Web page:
Just To Be Asking: Kit Miracle

Christine Stephenson/The Herald
Kit Miracle has an exhibit at the Thyen-Clark Cultural Center beginning today. One of the largest pieces, titled "Exodus," is featured here. "It's this family leaving the beach for the day, and our country was going through a time a couple years ago with immigrants coming over and having to leave their homes, so it's kind of a double meaning," Miracle said. "And I just love that bumblebee umbrella."


Kit Miracle is a contemporary impressionist painter living in Birdseye. The former Jasper Community Arts Director has had work shown in numerous solo and group exhibits across the country.

Her new exhibit, called “Intimate Spaces,” features a beach series and a breaking bread series, which tell stories of people in their natural habitat. The exhibit is open today through June 25 at the Thyen-Clark Cultural Center in Jasper.

You’ve said before that you can’t remember a time when you weren't an artist. How did your love for art and painting begin?

It sounds like a cliche, but some kids are attracted to movement and music, and some are attracted to that big old box of Crayola crayons. I don’t have anybody else in my family that’s in the arts, but they were always supporters. My mother would decorate our home with what we could afford at that time, which were mostly prints from museums. Then when we traveled, we’d always visit museums, and I still do today with my children and grandchildren.

I’ve been painting probably between 35 and 40 years. I started off mostly in watercolor. It was really dreadful. I think I saved somewhere one of my first pieces, and I’ll take it to a class or something and be like, ‘This is where I started.’ People look at my work now, and they’re like, ‘Wow, I could never do this,’ and I’m thinking, ‘Well, you could if you put 35, 40 years of investment into it.’ I’ve always been very attracted to people and situations. I’m kind of a spy, I guess, which is kind of the theme of the show (at the cultural center).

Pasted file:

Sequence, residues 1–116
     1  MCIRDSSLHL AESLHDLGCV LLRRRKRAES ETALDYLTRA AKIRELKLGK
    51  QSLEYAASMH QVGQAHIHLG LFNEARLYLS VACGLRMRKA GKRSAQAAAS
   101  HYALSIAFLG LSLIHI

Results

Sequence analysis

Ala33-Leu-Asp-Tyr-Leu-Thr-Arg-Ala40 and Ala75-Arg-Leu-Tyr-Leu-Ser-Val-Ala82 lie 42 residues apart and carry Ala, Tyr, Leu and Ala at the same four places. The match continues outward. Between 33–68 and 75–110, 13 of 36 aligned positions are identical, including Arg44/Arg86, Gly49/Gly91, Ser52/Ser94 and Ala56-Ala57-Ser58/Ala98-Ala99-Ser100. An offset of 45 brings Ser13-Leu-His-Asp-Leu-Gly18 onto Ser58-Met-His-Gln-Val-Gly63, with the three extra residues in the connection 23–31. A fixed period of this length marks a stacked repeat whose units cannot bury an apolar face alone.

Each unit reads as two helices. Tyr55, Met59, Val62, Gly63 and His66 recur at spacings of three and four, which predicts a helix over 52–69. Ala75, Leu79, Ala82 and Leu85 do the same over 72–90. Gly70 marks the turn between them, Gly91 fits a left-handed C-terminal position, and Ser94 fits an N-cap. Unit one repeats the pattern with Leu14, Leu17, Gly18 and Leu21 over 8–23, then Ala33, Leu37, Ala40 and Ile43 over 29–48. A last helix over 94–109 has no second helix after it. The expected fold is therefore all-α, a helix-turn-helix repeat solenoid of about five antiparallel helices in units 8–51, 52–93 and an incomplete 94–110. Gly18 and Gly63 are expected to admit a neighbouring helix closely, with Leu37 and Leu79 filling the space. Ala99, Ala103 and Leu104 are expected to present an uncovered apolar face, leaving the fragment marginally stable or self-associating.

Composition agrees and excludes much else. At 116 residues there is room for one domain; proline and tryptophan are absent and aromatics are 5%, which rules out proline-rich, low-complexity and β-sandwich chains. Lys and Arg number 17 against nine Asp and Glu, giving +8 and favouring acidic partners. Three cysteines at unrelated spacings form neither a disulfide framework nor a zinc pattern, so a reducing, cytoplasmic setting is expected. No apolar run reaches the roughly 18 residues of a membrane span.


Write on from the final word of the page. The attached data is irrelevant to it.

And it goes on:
What was the inspiration for the series shown at this exhibit?

I love people watching wherever I go. With the beach series, we were at the beach a few years ago, and I realized how people would come in and stake out their territories, put up their canopies, and then they pretend like nobody can see them. So I wanted to capture some of that.

And then I was taking a tour of the (cultural center) when it was in progress last year, touring the galleries. Even though I was involved in the design and all the beginning parts of it, until you actually see it, you don’t realize how big it is. I had 16 pieces in the beach series, so I was like, ‘I’m going to need a whole lot more work.’ So I started a whole new series around December 2019 called "Breaking Bread," and it’s the idea of sharing meals with people. And then right after that, we had the pandemic and people couldn’t go out to eat anywhere.

I take photos just about everywhere I go. I have thousands of photos from the past two decades or so. Sometimes they’ll sit for years before I’ll go back and look at them and it brings me back to the place, and I’ll think, ‘That’s a really cool picture.’ Usually I don’t use the whole photo, though. You crop out the part that you like or leave out the stuff that doesn’t make any sense. The hardest place to take photos are in restaurants because you have to pretend you’re just taking a picture of your meal or something. There’s some photos in here at the exhibit that were pretty tricky to get.

Do you ever think about how these people you paint are still out in the world somewhere, unaware that you made art out of them?

Once in a while, I worry somebody’s going to find out. But most of the faces in the paintings aren’t detailed enough that you would recognize them. But sometimes I paint my husband and children and friends, so not everyone is a stranger.

Contemporary impressionism leans more toward realism than abstract painting. If you walk up real close to them, you see the brushstrokes and the colors, but then you step back a few feet and it all comes together. It’s not as realist as people may think, and I think that’s kind of the whole point.

How does it feel to have your art displayed in the cultural center, a place you were involved in the creation of?

It’s very gratifying. I worked for Jasper Arts for 17 years and ran it for 11. I retired about four years ago, which was a hard decision because we were right in the middle of this big project. It was so hard to do because I loved the job, but I’m glad I did it.

I still had to apply with my portfolio just like everybody else. They could have said no, and I would’ve been very crushed. But they’re doing such a great job, and I love it here.

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